## Perl

Perl is a family of two high-level, general-purpose, interpreted, dynamic programming languages, Perl 5 and Perl 6.

## Perl 6

Perl 6 is a member of the Perl family of programming languages.

## Programming language

A programming language is a formal language that specifies a set of instructions that can be used to produce various kinds of output.

## Python (programming language)

Python is an interpreted high-level programming language for general-purpose programming.

## Range (computer programming)

In computer science, the term range may refer to one of three things.

## Rexx

Rexx (Restructured Extended Executor) is an interpreted programming language developed at IBM by Mike Cowlishaw.

## Signed number representations

In computing, signed number representations are required to encode negative numbers in binary number systems.

## Signedness

In computing, signedness is a property of data types representing numbers in computer programs.

## Smalltalk

Smalltalk is an object-oriented, dynamically typed, reflective programming language.

## Source code

In computing, source code is any collection of code, possibly with comments, written using a human-readable programming language, usually as plain text.

## SQL

SQL (S-Q-L, "sequel"; Structured Query Language) is a domain-specific language used in programming and designed for managing data held in a relational database management system (RDBMS), or for stream processing in a relational data stream management system (RDSMS).

## Standard library

A standard library in computer programming is the library made available across implementations of a programming language.

## Subtraction

Subtraction is an arithmetic operation that represents the operation of removing objects from a collection.

## Two's complement

Two's complement is a mathematical operation on binary numbers, best known for its role in computing as a method of signed number representation.

## Universal Coded Character Set

The Universal Coded Character Set (UCS) is a standard set of characters defined by the International Standard ISO/IEC 10646, Information technology — Universal Coded Character Set (UCS) (plus amendments to that standard), which is the basis of many character encodings.

## Universally unique identifier

A universally unique identifier (UUID) is a 128-bit number used to identify information in computer systems.

## Unix

Unix (trademarked as UNIX) is a family of multitasking, multiuser computer operating systems that derive from the original AT&T Unix, development starting in the 1970s at the Bell Labs research center by Ken Thompson, Dennis Ritchie, and others.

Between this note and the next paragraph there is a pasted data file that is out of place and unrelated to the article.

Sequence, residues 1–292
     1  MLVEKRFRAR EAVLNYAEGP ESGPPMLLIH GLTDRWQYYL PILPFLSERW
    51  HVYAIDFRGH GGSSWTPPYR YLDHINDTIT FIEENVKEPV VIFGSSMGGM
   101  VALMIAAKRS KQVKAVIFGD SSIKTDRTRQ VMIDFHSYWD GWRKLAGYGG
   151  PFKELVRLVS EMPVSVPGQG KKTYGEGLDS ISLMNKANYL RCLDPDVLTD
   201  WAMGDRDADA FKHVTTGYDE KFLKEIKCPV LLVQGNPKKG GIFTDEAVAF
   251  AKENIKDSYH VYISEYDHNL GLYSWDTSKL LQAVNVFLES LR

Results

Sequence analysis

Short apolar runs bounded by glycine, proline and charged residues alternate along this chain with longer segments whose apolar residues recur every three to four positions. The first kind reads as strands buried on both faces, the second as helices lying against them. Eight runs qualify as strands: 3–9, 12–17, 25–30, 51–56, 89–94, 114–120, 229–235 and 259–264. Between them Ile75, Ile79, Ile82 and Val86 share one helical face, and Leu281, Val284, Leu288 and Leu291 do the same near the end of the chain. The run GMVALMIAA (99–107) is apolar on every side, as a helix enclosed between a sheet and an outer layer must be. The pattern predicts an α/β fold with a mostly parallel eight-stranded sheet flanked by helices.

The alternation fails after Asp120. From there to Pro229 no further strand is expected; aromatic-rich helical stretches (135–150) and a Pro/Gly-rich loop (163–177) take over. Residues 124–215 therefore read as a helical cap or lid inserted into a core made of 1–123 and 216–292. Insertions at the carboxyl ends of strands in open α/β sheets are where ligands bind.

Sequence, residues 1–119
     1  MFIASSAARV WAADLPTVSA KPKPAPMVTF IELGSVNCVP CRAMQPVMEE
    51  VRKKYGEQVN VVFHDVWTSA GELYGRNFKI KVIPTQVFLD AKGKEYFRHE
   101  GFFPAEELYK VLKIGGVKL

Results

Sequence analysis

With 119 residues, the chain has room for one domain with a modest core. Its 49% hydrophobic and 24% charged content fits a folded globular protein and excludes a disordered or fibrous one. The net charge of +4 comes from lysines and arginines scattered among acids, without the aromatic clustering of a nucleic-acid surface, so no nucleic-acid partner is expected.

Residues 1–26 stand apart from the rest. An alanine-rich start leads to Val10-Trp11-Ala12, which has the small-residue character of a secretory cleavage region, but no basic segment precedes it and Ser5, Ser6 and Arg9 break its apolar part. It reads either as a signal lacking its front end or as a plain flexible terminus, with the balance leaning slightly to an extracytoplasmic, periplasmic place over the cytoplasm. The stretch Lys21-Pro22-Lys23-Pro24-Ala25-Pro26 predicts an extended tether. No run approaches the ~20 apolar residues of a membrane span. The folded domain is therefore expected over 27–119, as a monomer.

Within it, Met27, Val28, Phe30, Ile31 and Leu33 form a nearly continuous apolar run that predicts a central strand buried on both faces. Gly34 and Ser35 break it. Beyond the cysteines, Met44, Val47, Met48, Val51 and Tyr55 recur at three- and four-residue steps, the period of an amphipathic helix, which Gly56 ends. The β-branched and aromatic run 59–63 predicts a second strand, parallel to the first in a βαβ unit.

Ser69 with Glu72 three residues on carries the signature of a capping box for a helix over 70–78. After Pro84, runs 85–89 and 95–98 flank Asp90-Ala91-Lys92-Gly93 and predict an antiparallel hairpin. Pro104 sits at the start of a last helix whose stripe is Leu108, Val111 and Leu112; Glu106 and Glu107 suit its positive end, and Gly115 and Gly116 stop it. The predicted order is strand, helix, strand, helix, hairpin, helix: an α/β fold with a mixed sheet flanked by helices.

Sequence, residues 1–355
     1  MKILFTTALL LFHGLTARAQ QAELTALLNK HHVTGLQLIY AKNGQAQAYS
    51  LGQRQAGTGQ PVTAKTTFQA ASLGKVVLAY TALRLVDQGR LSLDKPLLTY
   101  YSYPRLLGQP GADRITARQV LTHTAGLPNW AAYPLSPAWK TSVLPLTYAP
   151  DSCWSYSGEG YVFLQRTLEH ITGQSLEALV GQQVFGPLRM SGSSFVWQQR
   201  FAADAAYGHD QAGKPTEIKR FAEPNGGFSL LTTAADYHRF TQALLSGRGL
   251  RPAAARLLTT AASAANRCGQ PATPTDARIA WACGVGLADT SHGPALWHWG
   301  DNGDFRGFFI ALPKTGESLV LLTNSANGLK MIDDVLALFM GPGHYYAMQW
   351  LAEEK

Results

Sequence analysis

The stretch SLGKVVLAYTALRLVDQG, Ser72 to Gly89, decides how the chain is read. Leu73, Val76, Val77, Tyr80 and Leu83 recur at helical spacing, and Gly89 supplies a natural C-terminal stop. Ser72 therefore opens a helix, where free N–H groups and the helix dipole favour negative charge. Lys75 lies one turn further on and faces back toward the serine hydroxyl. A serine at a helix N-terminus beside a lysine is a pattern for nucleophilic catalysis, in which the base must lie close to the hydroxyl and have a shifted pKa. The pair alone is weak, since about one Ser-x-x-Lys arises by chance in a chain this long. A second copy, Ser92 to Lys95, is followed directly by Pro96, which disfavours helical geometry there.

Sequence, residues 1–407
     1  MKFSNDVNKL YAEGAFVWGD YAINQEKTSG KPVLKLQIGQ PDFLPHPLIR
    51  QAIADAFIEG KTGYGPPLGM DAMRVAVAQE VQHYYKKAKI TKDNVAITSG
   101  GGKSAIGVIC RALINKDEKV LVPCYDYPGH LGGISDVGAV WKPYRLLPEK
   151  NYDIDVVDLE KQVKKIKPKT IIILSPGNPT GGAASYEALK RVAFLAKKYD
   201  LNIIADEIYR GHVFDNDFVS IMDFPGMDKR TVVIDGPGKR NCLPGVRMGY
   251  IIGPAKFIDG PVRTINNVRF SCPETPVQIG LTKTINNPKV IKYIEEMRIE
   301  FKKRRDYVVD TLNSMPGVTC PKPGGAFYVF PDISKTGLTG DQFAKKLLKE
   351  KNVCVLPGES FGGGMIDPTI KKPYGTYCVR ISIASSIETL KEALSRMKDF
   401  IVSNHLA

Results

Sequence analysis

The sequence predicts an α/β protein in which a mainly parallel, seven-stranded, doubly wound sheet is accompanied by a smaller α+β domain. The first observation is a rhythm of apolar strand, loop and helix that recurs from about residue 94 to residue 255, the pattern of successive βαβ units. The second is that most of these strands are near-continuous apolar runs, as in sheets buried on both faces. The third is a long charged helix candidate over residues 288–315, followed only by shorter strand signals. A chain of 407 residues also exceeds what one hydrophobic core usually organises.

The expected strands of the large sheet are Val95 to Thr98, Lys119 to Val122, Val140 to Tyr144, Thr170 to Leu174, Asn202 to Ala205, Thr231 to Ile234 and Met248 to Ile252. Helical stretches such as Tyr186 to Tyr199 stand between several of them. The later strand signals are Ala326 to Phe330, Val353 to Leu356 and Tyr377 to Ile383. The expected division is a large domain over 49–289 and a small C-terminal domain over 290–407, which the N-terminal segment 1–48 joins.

## Unix time

Unix time (also known as POSIX time or UNIX Epoch time) is a system for describing a point in time, defined as the number of seconds that have elapsed since 00:00:00 Coordinated Universal Time (UTC), Thursday, 1 January 1970,.

## UTF-16

UTF-16 (16-bit Unicode Transformation Format) is a character encoding capable of encoding all 1,112,064 valid code points of Unicode.

## UTF-32

UTF-32 stands for Unicode Transformation Format in 32 bits.

## UTF-8

UTF-8 is a variable width character encoding capable of encoding all 1,112,064 valid code points in Unicode using one to four 8-bit bytes.

## Virtual machine

In computing, a virtual machine (VM) is an emulation of a computer system.

## Visual Basic

Visual Basic is a third-generation event-driven programming language and integrated development environment (IDE) from Microsoft for its Component Object Model (COM) programming model first released in 1991 and declared legacy during 2008.

## Visual Basic .NET

Visual Basic.NET (VB.NET) is a multi-paradigm, object-oriented programming language, implemented on the.NET Framework.

## Visual Basic for Applications

Visual Basic for Applications (VBA) is an implementation of Microsoft's event-driven programming language Visual Basic 6, which was discontinued in 2008, and its associated integrated development environment (IDE).

## Windows API

The Windows API, informally WinAPI, is Microsoft's core set of application programming interfaces (APIs) available in the Microsoft Windows operating systems.

## Word (computer architecture)

In computing, a word is the natural unit of data used by a particular processor design.

## .NET Framework

.NET Framework (pronounced dot net) is a software framework developed by Microsoft that runs primarily on Microsoft Windows.

## .NET strategy

The.NET strategy was a long-term Microsoft software development and marketing plan, envisioned in late 1990s.

## 2,147,483,647

The number 2,147,483,647 is the eighth Mersenne prime, equal to 231 − 1.

## 32-bit

32-bit microcomputers are computers in which 32-bit microprocessors are the norm.

## 36-bit

Prior to the introduction of computers, the state of the art in precision scientific and engineering calculation was the ten-digit, electrically powered, mechanical calculator, such as those manufactured by Friden, Marchant and Monroe.

## 64-bit computing

In computer architecture, 64-bit computing is the use of processors that have datapath widths, integer size, and memory address widths of 64 bits (eight octets).

## 9,223,372,036,854,775,807

The number 9,223,372,036,854,775,807 is the integer equal to 2 − 1.

## References